London’s Last Mile Logistic Hub For Sustainable Practices
As we head into the New Year, the world isn’t in the best of shape ─ the effects of 2020 aren’t yet a memory, and unfortunately, it’ll likely plague us across the coming year too. One thing that 2020 and the COVID-19 pandemic did show us, however, is the lack of resilience across our supply chain networks, and it exposed - for all to see - the extent of air pollution in populous regions and city centres. Cities like London and San Francisco, in before and after shots, transitioned from grey, smoggy skylines to vibrant blue, haze-free splendidness ─ this, alongside data differences, is pushing governments across the globe to further their pledges on climate change and the banishment of carbon emissions.
Fortunately for London, a new Last Mile Logistic Hub has been approved by the City of London Corporation in a bid to consolidate deliveries and remove pollution-spewing vans from the roads of central London. If ever you’ve been to the Big Smoke, you’ll know that the air quality in the City is noticeably different ─ muggier, almost ─ from less densely populated regions of England, so this is excellent news for those who live, work, or simply visit.
What’s the Plan?
On behalf of London, the Planning and Transportation Committee has approved an initiative that will see 39 parking spaces in the London Wall Car Park transform into a hub for Amazon Logistics, the leading eCommerce retailers logistical arm. Delivery vehicles will deliver packages to the hub, and for the final leg, delivery persons will take them on e-cargo bikes or on foot to the recipient’s door. With this plan in place, the number of delivery vehicles on central London roads will drop exponentially, thus culling excessive carbon emissions in the area.
Further Logistical Expansion
The City of London Corporation aims to deliver two additional Last Mile Logistics Hubs by 2022 and a further five by 2025. Chair of the Planning and Transportation Committee at the City of London Corporation, Alastair Moss, said: ‘The Amazon Last Mile Logistics Hub alone will take up to 85 vehicles off the roads each day, meaning up to 23,000 fewer vehicle journeys in central London every year.
‘The City Corporation’s ambitious Climate Action Strategy sets a target of reaching net-zero carbon emission by 2040 and radical initiatives, such as the Amazon Logistics Hub, will be key in realising that goal.
‘We are determined to deliver better air quality and to improve road safety for our residents, workers and visitors. This commendable scheme delivers on both counts.’
Country Director at Amazon Logistics, Kerry-Anne Lawlor, added: ‘Amazon is excited to have been chosen by the City of London Corporation as its partner for its first Last Mile Logistics Hub, supporting it in delivering freight targets laid out in the Transport Strategy.
‘Amazon is committed to building a sustainable business for its customers and the planet, and last year co-founded The Climate Pledge – a commitment to be net-zero carbon across its business by 2040, 10 years ahead of the Paris Agreement.’
Uber Freight to Acquire Transplace in $2.2bn Deal
Uber Freight is to acquire logistics technology and solutions provider Transplace in a deal worth $2.25bn.
The company will pay up to $750m in common stock and the remainder in cash to TPG Capital, Transplace’s private equity owner, pending regulatory approval and closing conditions.
“This is a significant step forward, not just for Uber Freight but for the entire logistics ecosystem,” said Lior Ron, Head of Uber Freight, and former founder of the Uber-owned trucking start-up Otto.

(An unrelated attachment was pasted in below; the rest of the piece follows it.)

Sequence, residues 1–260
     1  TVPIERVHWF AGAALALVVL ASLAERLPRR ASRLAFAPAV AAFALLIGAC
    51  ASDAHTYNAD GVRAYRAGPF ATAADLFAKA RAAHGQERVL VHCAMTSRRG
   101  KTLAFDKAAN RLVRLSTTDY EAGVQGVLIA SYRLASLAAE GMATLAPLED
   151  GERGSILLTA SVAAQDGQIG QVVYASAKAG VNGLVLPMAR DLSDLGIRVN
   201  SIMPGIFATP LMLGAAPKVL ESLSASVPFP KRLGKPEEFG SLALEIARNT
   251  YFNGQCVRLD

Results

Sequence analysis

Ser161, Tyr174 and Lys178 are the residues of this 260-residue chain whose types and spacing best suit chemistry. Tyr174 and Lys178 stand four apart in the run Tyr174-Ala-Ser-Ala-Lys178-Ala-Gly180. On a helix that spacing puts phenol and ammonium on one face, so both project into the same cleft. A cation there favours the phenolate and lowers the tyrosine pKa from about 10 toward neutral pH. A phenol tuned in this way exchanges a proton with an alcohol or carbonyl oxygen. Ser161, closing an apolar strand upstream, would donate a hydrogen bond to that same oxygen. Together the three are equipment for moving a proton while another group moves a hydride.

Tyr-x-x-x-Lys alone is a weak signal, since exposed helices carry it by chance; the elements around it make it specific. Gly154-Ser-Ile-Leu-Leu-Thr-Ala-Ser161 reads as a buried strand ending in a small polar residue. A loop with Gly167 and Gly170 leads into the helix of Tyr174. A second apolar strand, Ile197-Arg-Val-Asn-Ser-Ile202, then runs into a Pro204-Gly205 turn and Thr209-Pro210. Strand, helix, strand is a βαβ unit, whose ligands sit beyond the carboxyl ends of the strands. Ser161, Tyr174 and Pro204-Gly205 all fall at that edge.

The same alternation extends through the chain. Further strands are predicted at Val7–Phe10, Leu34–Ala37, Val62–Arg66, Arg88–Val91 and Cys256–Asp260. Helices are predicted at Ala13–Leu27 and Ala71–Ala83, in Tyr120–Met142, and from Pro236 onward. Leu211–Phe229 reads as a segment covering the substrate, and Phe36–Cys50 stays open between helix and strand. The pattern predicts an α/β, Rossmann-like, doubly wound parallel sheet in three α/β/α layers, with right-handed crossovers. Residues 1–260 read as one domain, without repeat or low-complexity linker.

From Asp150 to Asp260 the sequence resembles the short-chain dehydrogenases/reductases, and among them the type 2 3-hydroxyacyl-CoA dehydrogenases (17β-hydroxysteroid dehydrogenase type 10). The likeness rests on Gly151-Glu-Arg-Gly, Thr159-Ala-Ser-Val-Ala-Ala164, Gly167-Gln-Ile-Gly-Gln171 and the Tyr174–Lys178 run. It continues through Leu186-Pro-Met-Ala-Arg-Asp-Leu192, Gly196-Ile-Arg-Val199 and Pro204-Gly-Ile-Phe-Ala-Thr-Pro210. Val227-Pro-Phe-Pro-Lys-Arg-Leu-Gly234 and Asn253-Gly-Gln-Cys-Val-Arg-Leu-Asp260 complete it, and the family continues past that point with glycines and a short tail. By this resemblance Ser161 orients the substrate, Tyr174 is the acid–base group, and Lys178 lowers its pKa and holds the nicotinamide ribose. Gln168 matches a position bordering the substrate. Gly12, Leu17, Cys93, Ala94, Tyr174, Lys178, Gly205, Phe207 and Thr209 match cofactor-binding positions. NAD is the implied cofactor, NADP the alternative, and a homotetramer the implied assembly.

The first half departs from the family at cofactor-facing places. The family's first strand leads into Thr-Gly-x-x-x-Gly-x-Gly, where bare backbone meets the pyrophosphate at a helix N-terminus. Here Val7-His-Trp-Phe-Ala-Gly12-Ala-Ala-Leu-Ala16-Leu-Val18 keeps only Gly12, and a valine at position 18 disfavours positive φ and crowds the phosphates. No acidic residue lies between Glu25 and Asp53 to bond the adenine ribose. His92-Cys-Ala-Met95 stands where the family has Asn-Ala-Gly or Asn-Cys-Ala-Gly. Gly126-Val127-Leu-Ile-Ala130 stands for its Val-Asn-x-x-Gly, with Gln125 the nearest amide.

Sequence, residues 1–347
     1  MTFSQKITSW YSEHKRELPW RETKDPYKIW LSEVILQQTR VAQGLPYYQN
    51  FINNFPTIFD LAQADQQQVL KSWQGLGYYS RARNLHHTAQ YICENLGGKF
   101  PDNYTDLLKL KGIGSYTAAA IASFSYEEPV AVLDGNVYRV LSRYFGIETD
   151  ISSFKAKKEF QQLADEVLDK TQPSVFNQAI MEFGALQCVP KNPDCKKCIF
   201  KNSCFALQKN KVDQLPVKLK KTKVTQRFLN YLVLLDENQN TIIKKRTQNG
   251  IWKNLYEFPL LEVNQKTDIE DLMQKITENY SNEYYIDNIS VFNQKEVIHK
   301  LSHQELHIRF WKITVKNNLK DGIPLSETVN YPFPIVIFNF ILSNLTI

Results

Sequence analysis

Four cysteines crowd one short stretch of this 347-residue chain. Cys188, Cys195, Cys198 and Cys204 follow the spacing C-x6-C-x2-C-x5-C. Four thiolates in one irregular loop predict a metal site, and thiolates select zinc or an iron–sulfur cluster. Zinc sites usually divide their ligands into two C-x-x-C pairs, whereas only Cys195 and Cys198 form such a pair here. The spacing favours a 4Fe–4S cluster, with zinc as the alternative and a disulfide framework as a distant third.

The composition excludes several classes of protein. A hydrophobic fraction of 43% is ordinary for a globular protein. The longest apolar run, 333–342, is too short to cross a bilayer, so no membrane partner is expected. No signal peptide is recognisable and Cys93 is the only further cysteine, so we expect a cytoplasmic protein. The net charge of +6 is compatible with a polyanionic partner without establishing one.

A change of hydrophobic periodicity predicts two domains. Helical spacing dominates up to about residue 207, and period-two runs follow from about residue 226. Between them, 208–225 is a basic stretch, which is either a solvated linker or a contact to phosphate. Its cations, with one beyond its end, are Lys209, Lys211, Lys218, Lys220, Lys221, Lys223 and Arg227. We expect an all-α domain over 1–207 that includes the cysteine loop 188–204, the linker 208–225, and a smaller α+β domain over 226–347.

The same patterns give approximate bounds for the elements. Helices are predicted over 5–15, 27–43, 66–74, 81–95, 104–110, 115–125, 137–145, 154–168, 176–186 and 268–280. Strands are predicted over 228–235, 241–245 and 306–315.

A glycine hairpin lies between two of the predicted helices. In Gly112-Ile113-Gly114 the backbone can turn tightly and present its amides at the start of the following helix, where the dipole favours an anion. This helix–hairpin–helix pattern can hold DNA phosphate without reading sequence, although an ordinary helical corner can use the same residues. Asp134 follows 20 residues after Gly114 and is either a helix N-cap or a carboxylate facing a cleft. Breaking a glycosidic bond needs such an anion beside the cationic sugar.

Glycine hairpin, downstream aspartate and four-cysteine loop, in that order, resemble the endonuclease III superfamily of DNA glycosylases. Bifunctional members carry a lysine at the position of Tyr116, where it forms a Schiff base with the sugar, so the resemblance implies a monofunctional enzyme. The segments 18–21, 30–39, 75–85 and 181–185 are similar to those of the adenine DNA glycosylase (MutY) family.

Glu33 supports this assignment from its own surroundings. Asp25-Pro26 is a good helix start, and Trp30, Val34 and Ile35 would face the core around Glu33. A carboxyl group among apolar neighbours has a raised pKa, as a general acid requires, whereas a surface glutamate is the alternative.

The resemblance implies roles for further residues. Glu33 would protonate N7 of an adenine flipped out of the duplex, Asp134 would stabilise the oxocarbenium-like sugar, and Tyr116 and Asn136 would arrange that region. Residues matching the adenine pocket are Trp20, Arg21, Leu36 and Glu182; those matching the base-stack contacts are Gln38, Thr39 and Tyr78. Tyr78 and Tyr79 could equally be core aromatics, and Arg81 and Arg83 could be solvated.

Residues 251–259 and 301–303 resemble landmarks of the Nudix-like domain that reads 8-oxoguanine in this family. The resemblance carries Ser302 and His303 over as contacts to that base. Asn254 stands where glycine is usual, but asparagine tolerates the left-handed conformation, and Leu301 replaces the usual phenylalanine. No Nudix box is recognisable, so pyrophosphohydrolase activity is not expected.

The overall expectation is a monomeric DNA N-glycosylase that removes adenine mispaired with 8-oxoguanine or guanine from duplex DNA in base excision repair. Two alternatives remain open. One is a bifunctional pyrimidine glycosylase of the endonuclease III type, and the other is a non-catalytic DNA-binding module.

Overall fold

Uber’s Big Play for Supply Chain
Transplace is one of the world's largest managed transportation and logistics networks, with 62,000 unique users on its platform and $11bn in freight under management. It offers truck brokerage and other capacity solutions, end-to-end visibility on cross border shipments, and a suite of digital solutions and consultancy services.
The purchase is the latest move by parent company Uber, which launched as a San Francisco cab-hailing app in 2011, to diversify its offering and create new revenue streams in all transport segments.
Transplace said the takeover comes amid a period of “accelerated transformation in logistics”, where globalisation, shipping and transport disruption, and widespread volatility are colliding.
Uber Freight plans to integrate the Transplace network into its own platform, which connects shippers and carriers in a dashboard that mirroring the intuitive experience found in its consumer vehicle booking and food ordering services.
“This is an opportunity to bring together complementary best-in-class technology solutions and operational excellence from two premier companies to create an industry-first shipper-to-carrier platform that will transform shippers’ entire supply chains, delivering operational resilience and reducing costs at a time when it matters most,” said Ron.
Frank McGuigan, CEO of Transplace, said the resulting merger will offer enhanced efficiency and transparency for shippers, and benefits of scale for carriers. “All in all, we expect to significantly reduce shipper and carrier empty miles to the benefit of highway and road infrastructures and the environment,” he added.
History of Uber Freight
Uber Freight was established in 2017 and separated into its own business unit the following year. In 2019 the company had expanded across the entire continental US, established a headquarters in Chicago. Later that year it launched its first international division in Europe, initially from a regional foothold in the Nertherlands, and later moving into Germany.
The logistics spinoff attracted a $500m investment from New York-based Greenbriar Equity Group in October 2020, and launched a new shipping platform for companies of all sizes in May, partly in response to a driver shortage in Canada.